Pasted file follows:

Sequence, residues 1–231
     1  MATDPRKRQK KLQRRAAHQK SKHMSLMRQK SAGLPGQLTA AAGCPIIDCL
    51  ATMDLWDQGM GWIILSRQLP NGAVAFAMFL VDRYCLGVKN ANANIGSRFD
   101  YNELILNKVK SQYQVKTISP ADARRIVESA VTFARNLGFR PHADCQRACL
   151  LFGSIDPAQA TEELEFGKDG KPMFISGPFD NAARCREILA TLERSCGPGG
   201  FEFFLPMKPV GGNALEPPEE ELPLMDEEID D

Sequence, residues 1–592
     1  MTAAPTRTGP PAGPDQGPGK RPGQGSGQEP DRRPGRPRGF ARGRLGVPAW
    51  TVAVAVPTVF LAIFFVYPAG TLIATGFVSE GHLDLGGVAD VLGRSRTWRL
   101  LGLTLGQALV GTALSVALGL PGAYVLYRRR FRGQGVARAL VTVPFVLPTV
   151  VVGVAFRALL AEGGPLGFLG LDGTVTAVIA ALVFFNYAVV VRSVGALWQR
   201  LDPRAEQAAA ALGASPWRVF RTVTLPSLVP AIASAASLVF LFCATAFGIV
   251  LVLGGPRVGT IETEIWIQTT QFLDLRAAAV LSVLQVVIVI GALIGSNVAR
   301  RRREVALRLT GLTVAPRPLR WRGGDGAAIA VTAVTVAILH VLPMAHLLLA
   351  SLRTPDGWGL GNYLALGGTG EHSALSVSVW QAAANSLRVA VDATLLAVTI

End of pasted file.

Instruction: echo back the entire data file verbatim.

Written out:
Sequence, residues 1–231
     1  MATDPRKRQK KLQRRAAHQK SKHMSLMRQK SAGLPGQLTA AAGCPIIDCL
    51  ATMDLWDQGM GWIILSRQLP NGAVAFAMFL VDRYCLGVKN ANANIGSRFD
   101  YNELILNKVK SQYQVKTISP ADARRIVESA VTFARNLGFR PHADCQRACL
   151  LFGSIDPAQA TEELEFGKDG KPMFISGPFD NAARCREILA TLERSCGPGG
   201  FEFFLPMKPV GGNALEPPEE ELPLMDEEID D

Sequence, residues 1–592
     1  MTAAPTRTGP PAGPDQGPGK RPGQGSGQEP DRRPGRPRGF ARGRLGVPAW
    51  TVAVAVPTVF LAIFFVYPAG TLIATGFVSE GHLDLGGVAD VLGRSRTWRL
   101  LGLTLGQALV GTALSVALGL PGAYVLYRRR FRGQGVARAL VTVPFVLPTV
   151  VVGVAFRALL AEGGPLGFLG LDGTVTAVIA ALVFFNYAVV VRSVGALWQR
   201  LDPRAEQAAA ALGASPWRVF RTVTLPSLVP AIASAASLVF LFCATAFGIV
   251  LVLGGPRVGT IETEIWIQTT QFLDLRAAAV LSVLQVVIVI GALIGSNVAR
   301  RRREVALRLT GLTVAPRPLR WRGGDGAAIA VTAVTVAILH VLPMAHLLLA
   351  SLRTPDGWGL GNYLALGGTG EHSALSVSVW QAAANSLRVA VDATLLAVTI